Palantir Lands $800 Million Contract With U.S. Army

  • General
  • March 28, 2019
  • 31
  • 5 minutes read
U.S. Army Chief of Staff, General Mark A Milley

U.S. Army photo by Timothy L. Hale


Palantir has landed a contract with the U.S. Army to deploy a complex battlefield intelligence system for soldiers, The Washington Post reports. The contract is potentially worth over $800 million, the paper noted. According to industry experts, this will mark the first time the U.S. government had sought the services of a Silicon Valley software company to lead a noteworthy defense program with a dedicated line of funding from the U.S. Congress.

According to the Post, The U.S Army chose Palantir and defense contractor Raytheon to contend for the next phase of Distributed Common Ground System (or DCGS-A, for Army), a software that lets its users fetch and analyze information about enemy movements, weather, and terrain to generate real-time reports and detailed maps.

Palantir co-founder and Executive Chairman Peter Thiel

Photo: picture alliance/Tobias Hase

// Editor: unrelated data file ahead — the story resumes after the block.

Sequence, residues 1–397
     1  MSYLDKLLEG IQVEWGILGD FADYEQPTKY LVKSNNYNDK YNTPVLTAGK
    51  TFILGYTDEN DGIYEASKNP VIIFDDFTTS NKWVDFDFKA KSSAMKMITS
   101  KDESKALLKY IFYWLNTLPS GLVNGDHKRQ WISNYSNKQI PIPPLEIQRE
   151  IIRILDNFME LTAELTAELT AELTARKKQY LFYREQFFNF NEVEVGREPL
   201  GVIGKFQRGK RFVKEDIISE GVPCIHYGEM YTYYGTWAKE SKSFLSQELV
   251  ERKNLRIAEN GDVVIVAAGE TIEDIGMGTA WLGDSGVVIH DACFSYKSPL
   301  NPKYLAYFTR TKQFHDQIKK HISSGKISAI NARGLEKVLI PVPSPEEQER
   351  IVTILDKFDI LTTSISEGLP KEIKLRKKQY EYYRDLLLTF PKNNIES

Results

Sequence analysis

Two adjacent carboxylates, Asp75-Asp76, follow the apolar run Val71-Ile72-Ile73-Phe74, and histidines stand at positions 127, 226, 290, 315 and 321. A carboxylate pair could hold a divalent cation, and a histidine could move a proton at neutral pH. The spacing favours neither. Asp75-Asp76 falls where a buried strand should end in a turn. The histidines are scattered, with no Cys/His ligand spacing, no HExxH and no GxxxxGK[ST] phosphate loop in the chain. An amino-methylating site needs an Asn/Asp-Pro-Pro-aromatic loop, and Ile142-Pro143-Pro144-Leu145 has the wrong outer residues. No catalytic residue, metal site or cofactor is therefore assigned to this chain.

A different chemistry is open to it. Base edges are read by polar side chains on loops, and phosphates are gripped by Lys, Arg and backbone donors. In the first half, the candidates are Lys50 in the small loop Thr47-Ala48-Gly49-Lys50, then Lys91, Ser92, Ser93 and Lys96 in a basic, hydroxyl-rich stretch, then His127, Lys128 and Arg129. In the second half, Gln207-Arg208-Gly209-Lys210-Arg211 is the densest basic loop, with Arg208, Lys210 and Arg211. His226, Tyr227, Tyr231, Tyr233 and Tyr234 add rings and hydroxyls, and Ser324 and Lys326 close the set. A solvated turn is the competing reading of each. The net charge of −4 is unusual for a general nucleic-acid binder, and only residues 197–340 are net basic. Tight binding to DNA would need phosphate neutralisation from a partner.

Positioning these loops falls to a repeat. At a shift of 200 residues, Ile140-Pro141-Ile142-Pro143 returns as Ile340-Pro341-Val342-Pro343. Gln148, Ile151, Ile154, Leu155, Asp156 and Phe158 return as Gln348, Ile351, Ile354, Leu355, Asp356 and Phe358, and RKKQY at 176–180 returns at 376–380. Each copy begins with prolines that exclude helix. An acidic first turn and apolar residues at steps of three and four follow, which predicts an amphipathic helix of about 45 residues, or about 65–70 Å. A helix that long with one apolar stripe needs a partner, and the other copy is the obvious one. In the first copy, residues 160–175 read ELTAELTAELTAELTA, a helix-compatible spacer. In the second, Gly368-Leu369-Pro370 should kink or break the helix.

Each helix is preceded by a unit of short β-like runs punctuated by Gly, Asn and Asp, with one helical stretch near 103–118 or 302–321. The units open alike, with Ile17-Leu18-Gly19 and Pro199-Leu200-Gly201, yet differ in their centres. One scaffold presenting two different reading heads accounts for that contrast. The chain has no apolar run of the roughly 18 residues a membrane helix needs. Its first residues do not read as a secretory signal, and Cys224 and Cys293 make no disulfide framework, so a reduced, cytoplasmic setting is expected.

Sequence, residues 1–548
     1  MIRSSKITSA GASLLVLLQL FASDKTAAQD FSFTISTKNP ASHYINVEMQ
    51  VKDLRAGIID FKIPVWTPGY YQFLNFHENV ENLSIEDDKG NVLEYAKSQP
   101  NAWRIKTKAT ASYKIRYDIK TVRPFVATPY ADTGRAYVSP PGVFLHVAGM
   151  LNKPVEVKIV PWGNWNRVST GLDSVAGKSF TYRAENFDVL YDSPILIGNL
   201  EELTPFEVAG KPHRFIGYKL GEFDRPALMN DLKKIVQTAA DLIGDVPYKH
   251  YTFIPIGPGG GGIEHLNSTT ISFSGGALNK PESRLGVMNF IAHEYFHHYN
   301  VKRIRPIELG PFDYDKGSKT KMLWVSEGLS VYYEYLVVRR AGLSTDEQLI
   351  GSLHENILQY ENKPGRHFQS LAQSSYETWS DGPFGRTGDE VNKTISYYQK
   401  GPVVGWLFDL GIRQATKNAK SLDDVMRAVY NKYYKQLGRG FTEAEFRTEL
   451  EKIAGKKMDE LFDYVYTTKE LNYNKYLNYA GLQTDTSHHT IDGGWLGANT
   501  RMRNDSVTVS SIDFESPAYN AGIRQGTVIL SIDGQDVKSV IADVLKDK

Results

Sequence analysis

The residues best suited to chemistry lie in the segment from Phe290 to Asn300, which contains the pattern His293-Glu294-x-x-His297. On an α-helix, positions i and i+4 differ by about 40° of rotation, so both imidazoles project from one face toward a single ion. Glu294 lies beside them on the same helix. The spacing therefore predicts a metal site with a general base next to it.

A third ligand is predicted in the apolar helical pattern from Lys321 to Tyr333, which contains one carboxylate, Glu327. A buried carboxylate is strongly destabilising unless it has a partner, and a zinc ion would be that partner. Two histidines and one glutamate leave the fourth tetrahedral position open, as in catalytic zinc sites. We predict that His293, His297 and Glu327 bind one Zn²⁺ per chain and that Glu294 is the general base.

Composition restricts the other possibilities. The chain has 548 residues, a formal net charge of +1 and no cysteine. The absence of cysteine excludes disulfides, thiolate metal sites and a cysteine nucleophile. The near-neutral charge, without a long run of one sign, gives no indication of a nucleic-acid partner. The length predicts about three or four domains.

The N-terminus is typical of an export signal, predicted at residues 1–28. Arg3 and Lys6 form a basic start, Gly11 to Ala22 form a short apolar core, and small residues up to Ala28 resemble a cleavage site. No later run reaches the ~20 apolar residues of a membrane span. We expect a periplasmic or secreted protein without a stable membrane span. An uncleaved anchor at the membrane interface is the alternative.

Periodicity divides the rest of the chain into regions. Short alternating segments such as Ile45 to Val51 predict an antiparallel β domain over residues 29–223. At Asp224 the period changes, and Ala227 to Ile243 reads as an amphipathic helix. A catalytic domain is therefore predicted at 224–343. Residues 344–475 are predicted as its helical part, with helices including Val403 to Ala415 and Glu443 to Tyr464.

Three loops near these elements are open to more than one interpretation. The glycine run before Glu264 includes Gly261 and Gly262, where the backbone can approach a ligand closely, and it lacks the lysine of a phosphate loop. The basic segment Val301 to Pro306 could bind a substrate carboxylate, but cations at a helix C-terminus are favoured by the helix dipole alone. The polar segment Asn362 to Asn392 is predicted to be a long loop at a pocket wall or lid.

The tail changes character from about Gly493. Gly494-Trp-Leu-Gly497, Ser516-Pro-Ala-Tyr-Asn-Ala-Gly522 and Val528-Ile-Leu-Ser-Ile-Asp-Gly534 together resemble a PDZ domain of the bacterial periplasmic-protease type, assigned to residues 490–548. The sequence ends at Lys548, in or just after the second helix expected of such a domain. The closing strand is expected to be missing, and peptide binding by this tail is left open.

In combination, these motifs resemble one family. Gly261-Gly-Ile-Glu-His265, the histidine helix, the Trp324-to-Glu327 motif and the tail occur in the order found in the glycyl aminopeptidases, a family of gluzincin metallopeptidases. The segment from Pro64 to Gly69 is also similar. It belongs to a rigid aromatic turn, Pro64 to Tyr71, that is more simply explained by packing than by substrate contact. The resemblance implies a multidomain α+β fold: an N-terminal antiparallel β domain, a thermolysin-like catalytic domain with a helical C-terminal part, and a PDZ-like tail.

Critics within the Army and Congress are said to have laid complaints for years about the DCGS-A costing too much while not delivering the capabilities and intelligence required by soldiers, leading the U.S. Army to tap Palantir and Raytheon for this. The U.S. Army is said to have gone back to a review after Palantir and its advocates argued that their software was cheaper and could meet all the Army’s requirements.

The Washington Post says Palantir and Raytheon may compete for ensuing phases of the program. Also recently, Anduril, a startup launched by Oculus co-founder Palmer Luckey, was revealed to have gotten a contract with the U.S. Department of Defense. Anduril is notably backed by 8VC and Founders Fund, the VC firms of Palantir co-founders Joe Lonsdale and Peter Thiel respectively.


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